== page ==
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CHC unveils stickball sculpture for museum
"Resurgence,” a sculpture created by Cherokee artist Daniel HorseChief sits behind curtains waiting to be unveiled Feb. 25 at the Cherokee Heritage Center. WILL CHAVEZ/CHEROKEE PHOENIX
By WILL CHAVEZ
Mon, Feb 28, 2011
PARK HILL, Okla. – “Resurgence,” a sculpture created by Cherokee artist Daniel HorseChief was unveiled Feb. 25 at the Cherokee Heritage Center.
The bronze piece, on permanent display in the CHC museum atrium, represents “the Cherokee people’s ability to overcome adversity with pride and integrity,” according to a Cherokee Nation Enterprises statement.
CNE funded the statue at a cost of $30,000 using funds allocated by the Cherokee Art and Facilities Act of 2006, which states 1 percent of total construction and renovation costs to Cherokee Nation facilities must be used in purchasing authentic artwork made by Cherokee citizens.
Cherokee National Historical Society Executive Director Carey Tilley said the idea for the statue was planted two years ago when CNE funded renovations for the CHC atrium and gift shop.
“We thought about the need for a signature piece in here and how powerful it would be. They (CNE) agreed they wanted to invest in a sculpture,” he said.
HorseChief submitted the winning design, which was based on a 4-inch-by-6-inch version of a sculpture he entered in the 2010 Trail of Tears Art Show.
HorseChief said the late Jerome Tiger, a Muscogee Creek artist, inspired “Resurgence.”
“When I was a boy, I would go to the museum at Muskogee and see his unfinished piece. It was his only three-dimensional piece. It really just struck me. I guess it stayed with me all these years,” he said. “To me it represented a certain power, a resurgence, you know, an integrity you associate with Native people.”
The stickball player in HorseChief’s piece is 5 feet tall. The pedestal adds another 6-1/2 feet. He said it took him almost a year to complete it.
He said at the base are leaves representing wind and the flow of time and history.
“It (base) lifts the figure up in an almost exaggerated pose, and he’s literally going for a goal. He’s being lifted up and being helped,” HorseChief said. “I put a style of old clothing on him mixed with new designs from different periods.”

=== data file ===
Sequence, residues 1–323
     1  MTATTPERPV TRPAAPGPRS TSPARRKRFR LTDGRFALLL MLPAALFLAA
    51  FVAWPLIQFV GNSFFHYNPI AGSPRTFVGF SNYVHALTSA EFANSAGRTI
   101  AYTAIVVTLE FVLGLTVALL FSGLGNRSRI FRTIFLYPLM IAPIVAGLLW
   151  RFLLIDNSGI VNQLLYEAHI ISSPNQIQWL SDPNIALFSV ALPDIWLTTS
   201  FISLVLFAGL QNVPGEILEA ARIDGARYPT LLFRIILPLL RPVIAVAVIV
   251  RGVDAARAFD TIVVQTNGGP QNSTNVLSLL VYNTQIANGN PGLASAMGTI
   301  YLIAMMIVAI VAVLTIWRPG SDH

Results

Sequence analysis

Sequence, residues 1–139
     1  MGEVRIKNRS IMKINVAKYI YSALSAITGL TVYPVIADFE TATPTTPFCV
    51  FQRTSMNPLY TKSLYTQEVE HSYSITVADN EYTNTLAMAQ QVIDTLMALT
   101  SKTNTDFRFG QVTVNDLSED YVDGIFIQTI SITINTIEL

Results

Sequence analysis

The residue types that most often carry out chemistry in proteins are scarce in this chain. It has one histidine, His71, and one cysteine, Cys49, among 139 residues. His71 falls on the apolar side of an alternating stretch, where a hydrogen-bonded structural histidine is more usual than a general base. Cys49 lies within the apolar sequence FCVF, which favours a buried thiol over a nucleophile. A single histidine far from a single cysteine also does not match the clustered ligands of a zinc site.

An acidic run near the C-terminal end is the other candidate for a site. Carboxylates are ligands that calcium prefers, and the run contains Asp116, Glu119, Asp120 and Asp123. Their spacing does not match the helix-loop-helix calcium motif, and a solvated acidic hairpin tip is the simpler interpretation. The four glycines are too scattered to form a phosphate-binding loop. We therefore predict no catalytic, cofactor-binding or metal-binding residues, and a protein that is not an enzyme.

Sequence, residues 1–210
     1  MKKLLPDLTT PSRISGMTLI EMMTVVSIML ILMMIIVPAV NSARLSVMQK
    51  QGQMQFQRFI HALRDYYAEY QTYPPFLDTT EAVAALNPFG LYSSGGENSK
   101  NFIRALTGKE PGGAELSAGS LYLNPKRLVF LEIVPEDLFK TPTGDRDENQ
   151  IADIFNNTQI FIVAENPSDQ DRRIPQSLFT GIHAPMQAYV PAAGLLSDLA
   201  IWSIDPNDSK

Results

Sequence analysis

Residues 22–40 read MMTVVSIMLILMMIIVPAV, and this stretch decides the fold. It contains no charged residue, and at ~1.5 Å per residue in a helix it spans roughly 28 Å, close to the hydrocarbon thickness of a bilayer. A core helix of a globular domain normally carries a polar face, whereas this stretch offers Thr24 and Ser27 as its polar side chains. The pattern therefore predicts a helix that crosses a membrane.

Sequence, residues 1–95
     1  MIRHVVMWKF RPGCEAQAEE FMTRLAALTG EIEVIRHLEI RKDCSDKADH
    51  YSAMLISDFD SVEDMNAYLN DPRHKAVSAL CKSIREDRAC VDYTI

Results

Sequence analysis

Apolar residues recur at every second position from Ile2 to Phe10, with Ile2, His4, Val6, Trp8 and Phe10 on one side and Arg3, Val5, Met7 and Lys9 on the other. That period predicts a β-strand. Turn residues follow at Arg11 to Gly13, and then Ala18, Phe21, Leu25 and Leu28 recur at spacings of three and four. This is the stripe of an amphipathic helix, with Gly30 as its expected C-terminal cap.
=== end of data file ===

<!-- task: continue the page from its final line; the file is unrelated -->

He said he loves history and how things that happened in the past influences what happens today.
“Time isn’t really a factor. To me it’s like a perfect opportunity to show all of that, to show the resurgence of not just Cherokee people, but all Native people. I wanted people to look at it and be able to indentify with it, not just Native people, but all people, to see this figure reaching for his goal, literally, with integrity,” HorseChief said.
A wolf tail protrudes from behind the figure. On the tail are hawk feathers, while an eagle feather is attached to the stickball player’s hair.
“I wanted to show the closeness we have to all creation. We are all inter-connected. I wanted to show how important that is to Native people,” HorseChief said.
Designs for the belt the figure wears on his waist was inspired by HorseChief’s appreciation of Cherokee pottery. He said he used ancient mound builder designs normally used by Cherokee potters for the belt to show the connection Cherokee people have with that culture.
The necklace the figure wears is a cross that was created using fire and was worn when the artist played stickball. The sticks are long like the ones used by ancient Cherokee players and have a unique design because each player had his way of designing sticks, HorseChief said.
He said it means much to him to have the piece at the CHC because as a young man he often came to the museum when relatives entered art shows. His mother is noted Cherokee artist Mary Adair.
“I always wanted to be able someday to have a piece in a show. That meant a lot to me the first time I entered a piece to have it accepted in the show,” he said. “I grew up here. This place means a lot to me. I’m a part of this place.”